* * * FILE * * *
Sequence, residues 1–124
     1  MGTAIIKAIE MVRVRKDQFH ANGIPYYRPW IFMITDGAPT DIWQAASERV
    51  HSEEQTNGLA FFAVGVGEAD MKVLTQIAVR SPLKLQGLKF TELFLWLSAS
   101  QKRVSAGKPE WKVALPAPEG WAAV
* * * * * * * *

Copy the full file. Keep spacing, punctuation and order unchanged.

Sequence, residues 1–124
     1  MGTAIIKAIE MVRVRKDQFH ANGIPYYRPW IFMITDGAPT DIWQAASERV
    51  HSEEQTNGLA FFAVGVGEAD MKVLTQIAVR SPLKLQGLKF TELFLWLSAS
   101  QKRVSAGKPE WKVALPAPEG WAAV